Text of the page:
The Wii U may have attracted its share of skeptics, but the numbers don’t lie. Wii U sales figures have passed over $300 million within the first six weeks since release. Compare that to the $270 million that the Wii earned on its initial 6 weeks.
One thing about the Wii U sales press release that announced this achievement was that one of the features of this system was its ability to generate revenue. While this is coming from Scott Moffitt, Nintendo of America’s executive vice president of Sales & Marketing, and probably worded for investors rather than the average consumer or gamer, but he could have at least mentioned the tablet-like controller, or some of the games that came out, or really, just mention something that didn’t make the WiiU sound like a quick and dirty money grab.
Being a corporation, I suppose we can’t expect Nintendo to be the innocent video game company we grew up with. Since the release of the Wii, hardcore Nintendo Fans had accused the company of catering to the casual and family demographics, with the Wii U selling just as well as the Wii, it seems that Nintendo will continue to cater to those demographics, slowly phasing out the hardcore fans of the company.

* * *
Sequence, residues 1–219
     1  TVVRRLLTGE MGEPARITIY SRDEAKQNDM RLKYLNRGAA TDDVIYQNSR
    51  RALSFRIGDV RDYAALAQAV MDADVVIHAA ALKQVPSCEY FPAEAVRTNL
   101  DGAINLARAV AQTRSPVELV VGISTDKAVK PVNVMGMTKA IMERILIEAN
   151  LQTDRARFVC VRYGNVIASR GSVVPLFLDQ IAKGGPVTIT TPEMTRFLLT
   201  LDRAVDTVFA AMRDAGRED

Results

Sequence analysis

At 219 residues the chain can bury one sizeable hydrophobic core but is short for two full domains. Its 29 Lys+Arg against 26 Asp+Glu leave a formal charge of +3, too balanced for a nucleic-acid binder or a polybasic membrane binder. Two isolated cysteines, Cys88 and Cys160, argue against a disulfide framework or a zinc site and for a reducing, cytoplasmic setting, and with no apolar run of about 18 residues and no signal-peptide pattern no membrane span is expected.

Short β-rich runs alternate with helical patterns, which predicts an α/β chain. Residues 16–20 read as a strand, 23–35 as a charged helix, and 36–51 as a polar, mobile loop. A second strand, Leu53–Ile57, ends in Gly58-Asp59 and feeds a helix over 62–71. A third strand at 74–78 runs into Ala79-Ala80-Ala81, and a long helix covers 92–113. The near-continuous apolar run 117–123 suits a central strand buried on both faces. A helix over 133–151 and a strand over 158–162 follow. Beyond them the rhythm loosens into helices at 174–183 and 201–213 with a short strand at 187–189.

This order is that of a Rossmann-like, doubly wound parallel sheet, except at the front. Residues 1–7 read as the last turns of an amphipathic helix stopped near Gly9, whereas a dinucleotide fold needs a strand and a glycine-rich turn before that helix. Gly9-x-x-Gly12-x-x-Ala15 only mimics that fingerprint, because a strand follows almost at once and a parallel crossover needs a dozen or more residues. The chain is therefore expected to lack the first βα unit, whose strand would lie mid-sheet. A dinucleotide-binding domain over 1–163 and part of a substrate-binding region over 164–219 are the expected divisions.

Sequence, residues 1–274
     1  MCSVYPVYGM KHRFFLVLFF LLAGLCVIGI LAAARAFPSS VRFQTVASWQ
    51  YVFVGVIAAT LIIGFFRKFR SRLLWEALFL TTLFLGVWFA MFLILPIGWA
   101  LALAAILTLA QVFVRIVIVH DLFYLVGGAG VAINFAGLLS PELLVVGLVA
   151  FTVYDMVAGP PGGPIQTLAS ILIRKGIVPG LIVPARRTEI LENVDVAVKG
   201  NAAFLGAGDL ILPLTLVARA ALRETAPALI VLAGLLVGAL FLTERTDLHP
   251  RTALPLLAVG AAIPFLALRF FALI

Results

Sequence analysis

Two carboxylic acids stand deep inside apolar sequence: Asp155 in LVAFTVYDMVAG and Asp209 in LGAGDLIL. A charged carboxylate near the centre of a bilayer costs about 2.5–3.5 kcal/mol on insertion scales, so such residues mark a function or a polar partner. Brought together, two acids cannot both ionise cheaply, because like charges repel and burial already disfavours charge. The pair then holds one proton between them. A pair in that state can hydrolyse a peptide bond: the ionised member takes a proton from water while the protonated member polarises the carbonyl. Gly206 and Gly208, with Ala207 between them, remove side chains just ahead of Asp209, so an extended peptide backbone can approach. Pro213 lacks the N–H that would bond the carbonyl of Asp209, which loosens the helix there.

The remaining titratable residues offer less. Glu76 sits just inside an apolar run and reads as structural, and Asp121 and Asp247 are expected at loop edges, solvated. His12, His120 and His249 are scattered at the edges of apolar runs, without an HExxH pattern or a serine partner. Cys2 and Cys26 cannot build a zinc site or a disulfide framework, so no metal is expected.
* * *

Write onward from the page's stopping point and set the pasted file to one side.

While the Wii U promises to be and interesting console with an interesting gimmick, one has to wonder if Nintendo is losing some of it’s old charm. When you hear the company higher ups say that of the best features of it’s newest console is ″Revenue Generation″, It raises a few questions about how Nintendo is treating it’s customer base nowadays. The last part about ″…bringing smiles to millions of new faces throughout the year.″ feels awkward and tacked on when read, and has a sort of corporate hollowness in it’s tone. Of course, this is a press release aimed towards stockholders, but it’s still some words to chew on, and a sign of what to expect from Nintendo for years to come.